"We're part of a machine but in the most amazing, empowering way. It's really cool."

It's taken us a good few years to realize how insane and how enjoyable that process is to be working those teams, whether it's the guy doing your front of house sound at the gig or the guy plugging in your cables. Whoever it is, we're working with unbelievable people and we feel so privileged. Our label has been great coming up with the artwork and vinyl packages.

Just everything this time around feels super-collaborative. We're part of a machine but in the most amazing, empowering way. It's really cool.

Analogue: So there's no need to feel protective of anything?

Josephine: No, we're both still very much at the forefront of everything. We just feel privileged that we can bring something up and then execute it with great people around us. We're more in control than ever, really, even though we've relinquished control on some things.

Analogue: I read that you took these piano jazz lessons heading into this. I thought that was such an interesting anecdote.

Josephine: Yeah, we decided to take a year off during which we pursued loads of stuff, including taking those piano lessons. We just tried to do new things, and I started taking these piano lessons. I'd been playing classical piano since I was five but I'd never, ever entered the realm of jazz. I'm still really bad [Laughs] but I think it definitely informed a lot of these tunes.

Even in rehearsals now, I feel a lot more free on my instrument. That allowed the both of us, as we were writing, to feel a lot more ambitious and experimental than we did before. These aren't standard pop tunes, necessarily. They're a bit weirder and that's cool.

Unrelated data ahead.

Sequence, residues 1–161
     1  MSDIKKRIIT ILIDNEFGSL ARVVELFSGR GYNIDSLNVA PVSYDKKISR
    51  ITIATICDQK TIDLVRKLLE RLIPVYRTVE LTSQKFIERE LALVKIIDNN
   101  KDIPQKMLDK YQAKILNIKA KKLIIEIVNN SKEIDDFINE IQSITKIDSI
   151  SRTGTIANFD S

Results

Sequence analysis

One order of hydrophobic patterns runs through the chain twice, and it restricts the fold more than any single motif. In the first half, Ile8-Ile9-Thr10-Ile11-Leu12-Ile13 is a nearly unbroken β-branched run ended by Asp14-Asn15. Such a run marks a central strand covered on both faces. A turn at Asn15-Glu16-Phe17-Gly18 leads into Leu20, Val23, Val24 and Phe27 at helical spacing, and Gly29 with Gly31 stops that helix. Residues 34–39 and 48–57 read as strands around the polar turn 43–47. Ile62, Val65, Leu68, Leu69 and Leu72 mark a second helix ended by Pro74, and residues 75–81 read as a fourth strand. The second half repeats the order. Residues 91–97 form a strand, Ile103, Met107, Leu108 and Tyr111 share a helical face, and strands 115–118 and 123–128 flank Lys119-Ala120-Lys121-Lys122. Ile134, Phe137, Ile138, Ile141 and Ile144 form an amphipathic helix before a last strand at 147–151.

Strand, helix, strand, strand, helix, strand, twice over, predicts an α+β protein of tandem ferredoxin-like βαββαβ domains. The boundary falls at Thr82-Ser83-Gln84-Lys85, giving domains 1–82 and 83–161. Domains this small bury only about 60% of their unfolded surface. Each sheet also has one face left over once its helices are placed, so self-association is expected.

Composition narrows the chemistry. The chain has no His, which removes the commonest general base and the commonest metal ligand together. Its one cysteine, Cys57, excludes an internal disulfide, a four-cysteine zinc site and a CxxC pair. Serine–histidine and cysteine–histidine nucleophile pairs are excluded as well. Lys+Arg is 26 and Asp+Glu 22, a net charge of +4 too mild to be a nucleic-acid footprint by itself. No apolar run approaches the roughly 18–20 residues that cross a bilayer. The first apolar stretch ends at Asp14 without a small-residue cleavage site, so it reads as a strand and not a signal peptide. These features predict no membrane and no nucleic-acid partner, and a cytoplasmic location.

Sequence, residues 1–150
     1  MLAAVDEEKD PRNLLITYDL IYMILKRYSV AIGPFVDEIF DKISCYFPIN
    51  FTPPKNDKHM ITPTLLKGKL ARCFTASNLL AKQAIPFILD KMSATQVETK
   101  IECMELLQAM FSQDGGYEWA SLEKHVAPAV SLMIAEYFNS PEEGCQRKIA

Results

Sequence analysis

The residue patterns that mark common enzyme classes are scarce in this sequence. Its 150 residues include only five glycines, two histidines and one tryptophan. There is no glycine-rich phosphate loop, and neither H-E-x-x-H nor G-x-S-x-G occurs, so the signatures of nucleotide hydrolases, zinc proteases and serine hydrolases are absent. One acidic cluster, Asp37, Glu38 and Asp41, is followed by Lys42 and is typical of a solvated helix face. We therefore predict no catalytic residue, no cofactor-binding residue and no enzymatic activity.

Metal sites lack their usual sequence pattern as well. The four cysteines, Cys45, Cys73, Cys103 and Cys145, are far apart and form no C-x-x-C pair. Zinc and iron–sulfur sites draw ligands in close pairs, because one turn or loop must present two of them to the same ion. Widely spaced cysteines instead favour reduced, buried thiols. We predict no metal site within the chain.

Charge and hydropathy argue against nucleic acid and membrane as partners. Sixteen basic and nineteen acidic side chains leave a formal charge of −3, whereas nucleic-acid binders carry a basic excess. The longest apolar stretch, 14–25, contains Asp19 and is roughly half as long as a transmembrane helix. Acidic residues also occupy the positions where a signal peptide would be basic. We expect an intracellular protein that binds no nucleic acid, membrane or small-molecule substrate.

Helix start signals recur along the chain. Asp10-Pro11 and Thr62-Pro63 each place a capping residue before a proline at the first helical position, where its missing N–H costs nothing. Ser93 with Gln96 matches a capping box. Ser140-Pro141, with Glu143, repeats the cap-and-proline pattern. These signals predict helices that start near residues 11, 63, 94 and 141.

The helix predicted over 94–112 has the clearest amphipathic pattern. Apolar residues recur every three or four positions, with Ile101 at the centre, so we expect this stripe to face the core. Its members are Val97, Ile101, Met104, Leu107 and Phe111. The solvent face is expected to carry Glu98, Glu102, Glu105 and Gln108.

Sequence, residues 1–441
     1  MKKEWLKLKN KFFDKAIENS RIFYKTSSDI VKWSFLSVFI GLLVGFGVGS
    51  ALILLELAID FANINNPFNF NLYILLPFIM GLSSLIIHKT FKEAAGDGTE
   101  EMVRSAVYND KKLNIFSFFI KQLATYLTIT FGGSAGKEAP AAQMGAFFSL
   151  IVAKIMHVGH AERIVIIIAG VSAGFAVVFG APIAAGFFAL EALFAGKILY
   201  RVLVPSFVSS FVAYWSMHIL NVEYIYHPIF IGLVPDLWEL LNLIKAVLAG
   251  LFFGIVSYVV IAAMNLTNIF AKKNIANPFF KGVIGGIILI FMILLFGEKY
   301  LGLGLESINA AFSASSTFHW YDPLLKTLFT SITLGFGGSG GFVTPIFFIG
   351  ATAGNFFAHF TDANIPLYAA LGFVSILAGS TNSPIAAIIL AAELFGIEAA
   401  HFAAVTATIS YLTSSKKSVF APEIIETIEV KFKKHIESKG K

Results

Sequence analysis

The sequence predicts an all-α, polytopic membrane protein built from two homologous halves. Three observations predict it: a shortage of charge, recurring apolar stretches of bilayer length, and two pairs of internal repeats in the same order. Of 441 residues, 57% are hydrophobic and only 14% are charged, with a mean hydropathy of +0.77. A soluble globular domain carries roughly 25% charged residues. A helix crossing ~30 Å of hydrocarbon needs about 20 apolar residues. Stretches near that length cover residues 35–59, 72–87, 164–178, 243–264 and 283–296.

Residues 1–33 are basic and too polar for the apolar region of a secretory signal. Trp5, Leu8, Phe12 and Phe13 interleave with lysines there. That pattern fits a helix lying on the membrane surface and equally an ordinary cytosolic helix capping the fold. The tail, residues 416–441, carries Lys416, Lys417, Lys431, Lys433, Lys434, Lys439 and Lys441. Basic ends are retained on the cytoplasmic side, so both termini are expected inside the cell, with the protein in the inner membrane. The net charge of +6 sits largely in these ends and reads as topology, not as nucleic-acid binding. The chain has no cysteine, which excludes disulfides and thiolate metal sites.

Credit: Olga De La Iglesia
Credit: Olga De La Iglesia

Analogue: When you decide to pursue something like that in the first place, was the goal for it to enhance your music or was it just to pursue something fun?

Josephine: Neither of us ever have conscious goals for our music, which is really weird. It always comes subconsciously, very naturally. So we had no vision for this album. We had no idea for the concept or what it would be sonically or lyrically. It's only when you sit at a piano and stuff pours out of you and you look back at it and say, 'Oh, that's how I'm feeling!' That's why I adore creation and music. You don't really know what you're going to say until you're saying it and then you look back and see something insightful and informative.

Analogue: When everything started to take off in such a surprising way, do you remember a specific point within that the realization that it was out of control?

Josephine: Every milestone that happens when you start a project was bigger than anything we'd done before, even down to the first tunes we uploaded to SoundCloud. A bunch of blogs wrote about us on the day we released the songs and suddenly the song itself had 100,000 plays in three days. It was like, 'What? That's all I've dreamed of for the last 10 years to have 100,000 plays over a whole year and we got it in a day or something.' Then you think it was an accident but it just kept happening.

For me, maybe the moment you mentioned came one year into the project when we put our first shows on sale in London, New York, L.A., Paris. We'd released the album and never played live and they sold out in a minute or something. Six hundred people in L.A. bought tickets in a minute and you wonder, 'What, how have they heard of us?' That was a shock and a surprise and has made everything after it feel like a bonus. Even this now feels like a bonus since our expectations were so low. [Laughs] It's great.

VISIT: Oh Wonder